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Armenia decides to join International Criminal Court - much to Russia's displeasure

Armenia decides to join International Criminal Court - much to Russias displeasure

Yerevan: Armenia’s lawmakers have decided to join the International the International Criminal Court (ICC), a move sue to vex Russia, the former Soviet Union country's traditional ally, Al-Jazeera has reported.

The step came in the form of a the Armenian lawmakers ratifying the ICC’s founding Rome Statute on Tuesday, subjecting itself to the jurisdiction of the court in The Hague much to the disapproval of Russia vexing Russia. The ICC has found Russian President Putin guilty of war crimes, for his role in the Ukraine war.

A spokeswoman for the Yerevan parliament voted the resolution 60 against 22.

The Rome Statute which established the court has been ratified by 123 countries, but the US is a notable exception.

In March, the ICC issued an arrest warrant for President Vladimir Putin over war crimes in Ukraine, and the illegal deportation of Ukrainian children to Russia.

The ICC members are expected to make the arrest if the Russian leader sets foot on their territory.

The vote illustrated the chasm between Moscow and Yerevan, which has been growing due to Moscow’s invasion of Ukraine, and Russia’s inaction as Azerbaijan recaptured Nagorno-Karabakh, a region controlled for three decades by ethnic Armenians, most of whom have now fled.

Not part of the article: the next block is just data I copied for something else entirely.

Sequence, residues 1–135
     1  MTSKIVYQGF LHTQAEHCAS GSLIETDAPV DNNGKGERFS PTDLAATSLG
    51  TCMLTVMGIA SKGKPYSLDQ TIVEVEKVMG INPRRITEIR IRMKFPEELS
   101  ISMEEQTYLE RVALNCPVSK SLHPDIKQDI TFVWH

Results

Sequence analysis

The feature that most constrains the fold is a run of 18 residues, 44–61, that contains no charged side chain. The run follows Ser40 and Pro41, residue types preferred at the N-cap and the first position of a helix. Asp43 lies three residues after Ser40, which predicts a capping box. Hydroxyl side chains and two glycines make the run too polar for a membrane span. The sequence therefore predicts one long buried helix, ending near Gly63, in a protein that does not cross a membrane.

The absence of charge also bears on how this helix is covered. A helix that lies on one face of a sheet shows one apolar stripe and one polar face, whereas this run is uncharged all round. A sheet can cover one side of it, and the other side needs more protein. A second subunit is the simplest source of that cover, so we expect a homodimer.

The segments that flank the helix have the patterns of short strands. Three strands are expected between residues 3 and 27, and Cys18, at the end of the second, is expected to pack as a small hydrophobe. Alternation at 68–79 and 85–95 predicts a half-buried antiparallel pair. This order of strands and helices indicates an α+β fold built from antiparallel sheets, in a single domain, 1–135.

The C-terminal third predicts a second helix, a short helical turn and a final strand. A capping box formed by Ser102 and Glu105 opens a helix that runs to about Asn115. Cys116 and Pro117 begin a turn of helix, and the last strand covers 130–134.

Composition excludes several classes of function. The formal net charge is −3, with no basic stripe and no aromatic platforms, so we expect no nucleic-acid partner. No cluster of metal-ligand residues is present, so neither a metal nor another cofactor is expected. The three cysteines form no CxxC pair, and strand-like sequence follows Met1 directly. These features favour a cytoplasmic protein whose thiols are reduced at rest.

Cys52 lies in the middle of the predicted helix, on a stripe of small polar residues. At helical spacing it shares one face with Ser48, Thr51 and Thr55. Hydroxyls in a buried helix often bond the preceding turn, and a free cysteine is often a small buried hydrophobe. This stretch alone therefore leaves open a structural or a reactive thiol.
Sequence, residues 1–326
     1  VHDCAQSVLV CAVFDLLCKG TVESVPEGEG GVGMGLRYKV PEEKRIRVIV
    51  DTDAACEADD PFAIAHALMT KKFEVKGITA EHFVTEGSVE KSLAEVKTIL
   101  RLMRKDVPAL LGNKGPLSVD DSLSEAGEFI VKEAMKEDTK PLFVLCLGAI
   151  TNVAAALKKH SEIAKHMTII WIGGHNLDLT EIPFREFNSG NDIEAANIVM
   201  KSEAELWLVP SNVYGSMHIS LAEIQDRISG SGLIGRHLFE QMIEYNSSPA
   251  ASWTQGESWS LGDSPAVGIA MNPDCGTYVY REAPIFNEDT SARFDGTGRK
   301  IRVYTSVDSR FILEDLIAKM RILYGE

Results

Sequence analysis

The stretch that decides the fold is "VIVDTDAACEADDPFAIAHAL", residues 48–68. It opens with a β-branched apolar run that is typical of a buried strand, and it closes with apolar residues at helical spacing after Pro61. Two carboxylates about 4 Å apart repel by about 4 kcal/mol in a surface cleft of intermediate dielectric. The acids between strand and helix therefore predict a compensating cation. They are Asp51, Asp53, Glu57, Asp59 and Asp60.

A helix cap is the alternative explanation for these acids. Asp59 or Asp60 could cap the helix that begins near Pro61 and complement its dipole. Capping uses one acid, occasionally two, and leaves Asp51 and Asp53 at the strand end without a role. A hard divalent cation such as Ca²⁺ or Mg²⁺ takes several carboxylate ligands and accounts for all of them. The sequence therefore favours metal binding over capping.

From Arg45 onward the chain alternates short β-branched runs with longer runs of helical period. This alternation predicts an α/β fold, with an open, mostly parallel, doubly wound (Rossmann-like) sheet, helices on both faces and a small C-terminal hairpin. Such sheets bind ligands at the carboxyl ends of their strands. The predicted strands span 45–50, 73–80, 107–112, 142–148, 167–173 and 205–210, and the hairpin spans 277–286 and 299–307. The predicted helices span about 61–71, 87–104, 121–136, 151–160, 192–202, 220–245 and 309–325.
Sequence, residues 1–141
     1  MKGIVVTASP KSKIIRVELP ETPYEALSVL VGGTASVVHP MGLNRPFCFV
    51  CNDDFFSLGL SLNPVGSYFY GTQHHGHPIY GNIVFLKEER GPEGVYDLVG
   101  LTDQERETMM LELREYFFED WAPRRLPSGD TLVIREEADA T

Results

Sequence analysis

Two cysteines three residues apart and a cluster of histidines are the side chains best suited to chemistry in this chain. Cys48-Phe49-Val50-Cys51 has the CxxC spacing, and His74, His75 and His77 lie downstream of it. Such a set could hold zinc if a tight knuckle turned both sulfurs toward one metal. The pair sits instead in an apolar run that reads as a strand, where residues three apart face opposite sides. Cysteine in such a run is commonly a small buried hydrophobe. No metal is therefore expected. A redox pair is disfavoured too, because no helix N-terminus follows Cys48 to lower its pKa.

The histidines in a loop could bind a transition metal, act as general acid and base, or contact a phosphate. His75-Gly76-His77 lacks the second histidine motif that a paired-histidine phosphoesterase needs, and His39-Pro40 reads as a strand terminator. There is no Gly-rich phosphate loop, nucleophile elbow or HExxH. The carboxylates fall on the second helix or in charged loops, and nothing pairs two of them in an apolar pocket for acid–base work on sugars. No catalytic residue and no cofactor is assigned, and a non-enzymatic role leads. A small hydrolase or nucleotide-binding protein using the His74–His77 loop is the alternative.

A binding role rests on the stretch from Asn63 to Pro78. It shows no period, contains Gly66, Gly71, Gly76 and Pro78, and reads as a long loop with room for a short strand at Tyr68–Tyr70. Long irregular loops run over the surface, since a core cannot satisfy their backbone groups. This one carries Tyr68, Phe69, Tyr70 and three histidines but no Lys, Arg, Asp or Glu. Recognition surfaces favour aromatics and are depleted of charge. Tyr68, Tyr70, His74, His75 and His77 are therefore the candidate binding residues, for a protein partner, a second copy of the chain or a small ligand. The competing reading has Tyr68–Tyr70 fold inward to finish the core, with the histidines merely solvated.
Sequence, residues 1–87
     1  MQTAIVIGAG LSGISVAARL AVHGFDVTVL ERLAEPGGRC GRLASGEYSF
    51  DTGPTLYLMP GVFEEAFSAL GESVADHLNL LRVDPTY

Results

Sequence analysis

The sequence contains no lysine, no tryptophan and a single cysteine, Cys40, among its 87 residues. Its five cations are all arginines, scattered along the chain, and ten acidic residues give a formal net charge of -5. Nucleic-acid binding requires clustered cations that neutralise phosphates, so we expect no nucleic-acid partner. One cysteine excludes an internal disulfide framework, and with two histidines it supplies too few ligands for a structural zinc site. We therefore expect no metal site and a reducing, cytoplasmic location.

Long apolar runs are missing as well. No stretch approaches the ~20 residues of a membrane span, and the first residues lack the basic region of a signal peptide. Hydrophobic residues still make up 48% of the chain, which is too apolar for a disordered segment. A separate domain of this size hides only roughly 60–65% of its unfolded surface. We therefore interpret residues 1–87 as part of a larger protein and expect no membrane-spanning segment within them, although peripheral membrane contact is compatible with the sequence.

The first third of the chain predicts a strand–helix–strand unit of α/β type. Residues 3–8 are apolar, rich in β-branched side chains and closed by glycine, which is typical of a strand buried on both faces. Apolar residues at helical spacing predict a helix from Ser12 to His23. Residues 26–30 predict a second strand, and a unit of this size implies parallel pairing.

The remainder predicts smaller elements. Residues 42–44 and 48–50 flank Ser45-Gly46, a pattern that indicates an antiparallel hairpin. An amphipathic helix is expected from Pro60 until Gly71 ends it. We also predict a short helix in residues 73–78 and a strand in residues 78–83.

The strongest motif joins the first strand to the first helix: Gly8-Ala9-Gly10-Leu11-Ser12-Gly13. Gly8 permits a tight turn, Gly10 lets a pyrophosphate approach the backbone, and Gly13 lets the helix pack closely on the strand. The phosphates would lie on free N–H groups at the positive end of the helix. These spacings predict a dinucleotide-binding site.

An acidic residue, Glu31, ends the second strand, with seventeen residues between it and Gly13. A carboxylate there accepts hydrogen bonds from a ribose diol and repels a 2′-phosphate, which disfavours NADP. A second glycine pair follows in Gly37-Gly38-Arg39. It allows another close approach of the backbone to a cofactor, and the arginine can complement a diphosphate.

The Kremlin said the decision was “incorrect” and that it would have questions for Armenia’s “current leadership”, which should instead look to its established allies, not least Moscow.

“We would not want the president to have to refuse visits to Armenia for some reason,” Kremlin spokesman Dmitry Peskov said on Tuesday.

“Armenia is our ally, a friendly country, our partner … But at the same time, we will have additional questions for the current leadership of Armenia … We still believe it is a wrong decision.”

Moscow has voiced increasing frustration with Prime Minister Nikol Pashinyan, who has publicly said landlocked Armenia’s policy of solely relying on Russia to guarantee its security was a mistake, and pointedly hosted joint manoeuvres with US forces.

Armenia’s sense that Russia has let it down has been sharpened by Azerbaijan’s seizure of Nagorno-Karabakh, which followed a nine-month blockade of food and fuel supplies to the enclave that Russian peacekeepers did nothing to relieve.

Armenia said it had discussed its ICC plans with Russia, after Moscow warned in March of “serious consequences”. It will take 60 days for the ratification to come into force.

Yerevan has said its move addresses what it says are war crimes committed by Azerbaijan in a long-running conflict with Armenia, although ICC jurisdiction will not be retroactive.

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TAGS:Nagorno-karabakhArmeniaPutinInternational Criminal CourtWorld News
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